Which Glenn is happy to give her. The procedure involves taking part of his adult liver to become Elise’s tiny replacement organ and means she doesn’t have to join the long liver-transplant waiting list.
Glenn and Anthea Anderson and their son Lucas, 3, celebrating the first birthday of daughter Elise at their home on the Sunshine Coast of Queensland. Photo: SuppliedFor his gorgeous girl, he sees no choice in the matter.
But his income-protection insurer does. “The elective surgery benefit is a non-super benefit so unfortunately it will not apply to this policy,” product representatives of the Asteron Life insurance policy told the Andersons via email.
The thing is, your insurer considers live organ donation “elective” too. You’ll need a magnifying glass for the fine print, but they all do.
“I feel like I’ve asked the insurance company for a million dollars, not approximately eight weeks part-pay out of a possible 12 weeks off work to save my daughter’s life,” says Glenn, who works as a mechanic and has a one-month waiting period on the policy he holds within his superannuation fund.
“We’re asking: why are we paying at all? $3000 a year for the last three years goes a long way.”
Income-protection insurance is designed to replace up to 75 per cent of your income if you are unable to work through accident or illness. When the rules changed in 2007 to allow payments from insurance held in superannuation to continue until age 65, rather than for just two years, it became popular to take it out through funds.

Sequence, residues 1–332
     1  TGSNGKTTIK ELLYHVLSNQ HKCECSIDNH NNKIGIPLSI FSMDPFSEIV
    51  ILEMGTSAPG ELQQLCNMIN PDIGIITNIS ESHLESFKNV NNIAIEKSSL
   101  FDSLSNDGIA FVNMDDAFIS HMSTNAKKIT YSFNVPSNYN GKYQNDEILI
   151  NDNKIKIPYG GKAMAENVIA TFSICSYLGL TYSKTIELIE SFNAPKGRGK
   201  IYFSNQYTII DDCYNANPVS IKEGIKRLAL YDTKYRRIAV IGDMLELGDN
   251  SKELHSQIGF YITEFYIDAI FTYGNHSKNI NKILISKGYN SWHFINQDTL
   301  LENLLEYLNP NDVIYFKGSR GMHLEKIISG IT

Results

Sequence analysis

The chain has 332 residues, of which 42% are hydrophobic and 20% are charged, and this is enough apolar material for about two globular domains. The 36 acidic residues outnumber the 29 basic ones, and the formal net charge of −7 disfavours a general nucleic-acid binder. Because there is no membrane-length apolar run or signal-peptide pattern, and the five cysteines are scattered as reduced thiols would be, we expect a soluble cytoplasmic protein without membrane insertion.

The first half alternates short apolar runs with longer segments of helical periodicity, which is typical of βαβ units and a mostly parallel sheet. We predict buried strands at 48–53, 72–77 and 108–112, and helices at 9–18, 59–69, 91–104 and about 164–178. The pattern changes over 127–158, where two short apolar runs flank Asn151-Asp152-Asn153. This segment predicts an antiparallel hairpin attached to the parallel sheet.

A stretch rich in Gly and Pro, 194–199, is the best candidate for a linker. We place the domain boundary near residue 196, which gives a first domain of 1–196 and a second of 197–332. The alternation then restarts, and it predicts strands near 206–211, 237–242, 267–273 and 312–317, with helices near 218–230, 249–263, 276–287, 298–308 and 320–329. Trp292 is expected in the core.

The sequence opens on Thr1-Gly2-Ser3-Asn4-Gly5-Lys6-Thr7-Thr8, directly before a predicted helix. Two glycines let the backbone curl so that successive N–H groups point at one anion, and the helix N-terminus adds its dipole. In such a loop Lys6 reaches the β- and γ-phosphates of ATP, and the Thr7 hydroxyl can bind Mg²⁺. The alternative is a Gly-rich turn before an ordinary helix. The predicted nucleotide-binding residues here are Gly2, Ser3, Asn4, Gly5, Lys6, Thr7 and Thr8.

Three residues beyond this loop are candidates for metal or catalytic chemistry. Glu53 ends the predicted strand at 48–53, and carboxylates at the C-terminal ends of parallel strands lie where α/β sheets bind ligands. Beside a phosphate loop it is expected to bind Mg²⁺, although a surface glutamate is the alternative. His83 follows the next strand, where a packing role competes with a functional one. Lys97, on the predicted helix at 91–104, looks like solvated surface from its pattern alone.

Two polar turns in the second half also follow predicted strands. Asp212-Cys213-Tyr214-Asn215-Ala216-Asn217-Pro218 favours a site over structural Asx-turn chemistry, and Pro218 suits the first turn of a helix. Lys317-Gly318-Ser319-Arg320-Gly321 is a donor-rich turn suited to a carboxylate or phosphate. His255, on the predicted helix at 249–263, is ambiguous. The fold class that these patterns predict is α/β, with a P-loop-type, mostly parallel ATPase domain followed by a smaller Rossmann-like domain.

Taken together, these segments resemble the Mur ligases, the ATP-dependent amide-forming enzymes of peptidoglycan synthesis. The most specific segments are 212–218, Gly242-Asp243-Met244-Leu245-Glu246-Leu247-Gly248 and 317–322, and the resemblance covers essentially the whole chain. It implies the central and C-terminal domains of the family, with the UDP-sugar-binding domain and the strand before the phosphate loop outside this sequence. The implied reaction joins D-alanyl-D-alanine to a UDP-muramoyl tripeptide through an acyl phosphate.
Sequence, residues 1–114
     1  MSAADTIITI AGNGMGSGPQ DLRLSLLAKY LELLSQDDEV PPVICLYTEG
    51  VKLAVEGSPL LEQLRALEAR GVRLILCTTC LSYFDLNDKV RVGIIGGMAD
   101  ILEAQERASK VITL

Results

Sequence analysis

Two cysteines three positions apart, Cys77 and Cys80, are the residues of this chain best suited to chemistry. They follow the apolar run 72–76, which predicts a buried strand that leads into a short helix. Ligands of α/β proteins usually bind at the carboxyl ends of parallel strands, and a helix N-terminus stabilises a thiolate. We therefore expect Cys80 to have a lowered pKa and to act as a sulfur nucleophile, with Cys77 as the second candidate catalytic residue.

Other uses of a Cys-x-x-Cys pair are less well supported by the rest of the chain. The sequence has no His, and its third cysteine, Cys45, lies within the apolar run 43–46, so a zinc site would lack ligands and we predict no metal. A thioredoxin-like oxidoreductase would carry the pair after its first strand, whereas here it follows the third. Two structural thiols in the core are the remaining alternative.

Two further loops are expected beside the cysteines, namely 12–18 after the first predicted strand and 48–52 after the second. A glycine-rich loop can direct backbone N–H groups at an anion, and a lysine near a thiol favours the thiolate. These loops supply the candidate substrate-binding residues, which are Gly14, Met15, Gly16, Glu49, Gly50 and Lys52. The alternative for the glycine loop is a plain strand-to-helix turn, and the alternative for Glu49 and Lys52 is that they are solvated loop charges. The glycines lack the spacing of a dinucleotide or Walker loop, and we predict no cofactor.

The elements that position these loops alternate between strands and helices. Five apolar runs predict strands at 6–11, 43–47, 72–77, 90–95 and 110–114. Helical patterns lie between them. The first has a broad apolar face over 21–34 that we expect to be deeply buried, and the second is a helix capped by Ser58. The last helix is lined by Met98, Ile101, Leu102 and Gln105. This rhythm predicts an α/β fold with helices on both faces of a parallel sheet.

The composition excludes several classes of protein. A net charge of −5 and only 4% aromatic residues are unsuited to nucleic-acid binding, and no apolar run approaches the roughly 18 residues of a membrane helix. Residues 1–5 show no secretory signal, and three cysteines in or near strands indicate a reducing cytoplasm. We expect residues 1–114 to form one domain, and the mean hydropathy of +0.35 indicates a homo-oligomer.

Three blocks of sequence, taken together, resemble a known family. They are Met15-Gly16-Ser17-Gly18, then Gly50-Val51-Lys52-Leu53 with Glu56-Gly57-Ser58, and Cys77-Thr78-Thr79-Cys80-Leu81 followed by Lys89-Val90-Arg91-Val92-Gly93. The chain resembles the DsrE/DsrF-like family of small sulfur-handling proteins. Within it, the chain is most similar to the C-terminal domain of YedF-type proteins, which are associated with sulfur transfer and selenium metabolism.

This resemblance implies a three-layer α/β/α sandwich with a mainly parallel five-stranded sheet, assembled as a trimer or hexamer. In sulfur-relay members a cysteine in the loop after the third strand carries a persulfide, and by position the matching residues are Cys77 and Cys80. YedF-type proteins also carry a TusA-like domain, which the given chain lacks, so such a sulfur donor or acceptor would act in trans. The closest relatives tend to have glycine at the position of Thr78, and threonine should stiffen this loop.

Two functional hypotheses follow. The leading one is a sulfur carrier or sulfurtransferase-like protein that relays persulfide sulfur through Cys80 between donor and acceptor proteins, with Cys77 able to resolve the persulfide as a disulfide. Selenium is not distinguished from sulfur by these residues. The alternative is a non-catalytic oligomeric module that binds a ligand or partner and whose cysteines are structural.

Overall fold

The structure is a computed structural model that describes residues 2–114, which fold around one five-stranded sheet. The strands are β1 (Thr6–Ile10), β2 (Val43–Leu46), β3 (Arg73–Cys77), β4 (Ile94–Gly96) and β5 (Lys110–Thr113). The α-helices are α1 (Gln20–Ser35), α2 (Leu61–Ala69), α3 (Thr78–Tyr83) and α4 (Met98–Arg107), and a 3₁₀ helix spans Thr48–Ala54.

The appeal is that insurance in super is usually much cheaper because it is issued on a group basis rather than via individual risk-assessment – called underwriting. And it helps that the premiums come out of your super not your pocket.
That’s all fine until you realise elective surgery is rarely included in insurance in super. Remember, live donation is “elective”.
So you’re probably thinking the Andersons should just transfer Glenn’s insurance to outside their super fund (and hope Elise’s situation doesn’t become critical within the six-month waiting period)… but you’d be wrong. Asteron has also cynically closed that door.
“Unfortunately to move this policy from super to self-owned, Mr Anderson will need to go through full underwriting and the operation will be excluded,” an Asteron representative informed in a subsequent email.
For the rest of us, it’s prudent to look at ditching income protection within super immediately. Or, as many advisers are recommending to clients, retaining it for the cash-flow benefits but also starting a linked top-up policy outside of super for the excluded benefits.
One leading insurer has quietly told me that 50 per cent of its policies are now held within super. Meanwhile, in 2014, the rules for super funds allowing payments out from such insurance were tightened (to meet a “condition of release” and not breach a “sole purpose test”) – and that comprehensively counted out elective surgery.
Life-saving organ donation has been unintentionally swept away along with lifestyle stuff like boob jobs.
And that’s the real injustice: that becoming a live donor could be considered “elective” in the first place. In what universe is saving a family member’s life by donating a part of your liver, or a kidney, something about which most of us would think twice?
Elise’s parents, the Andersons, are a single-income family; they could potentially lose it all for three months.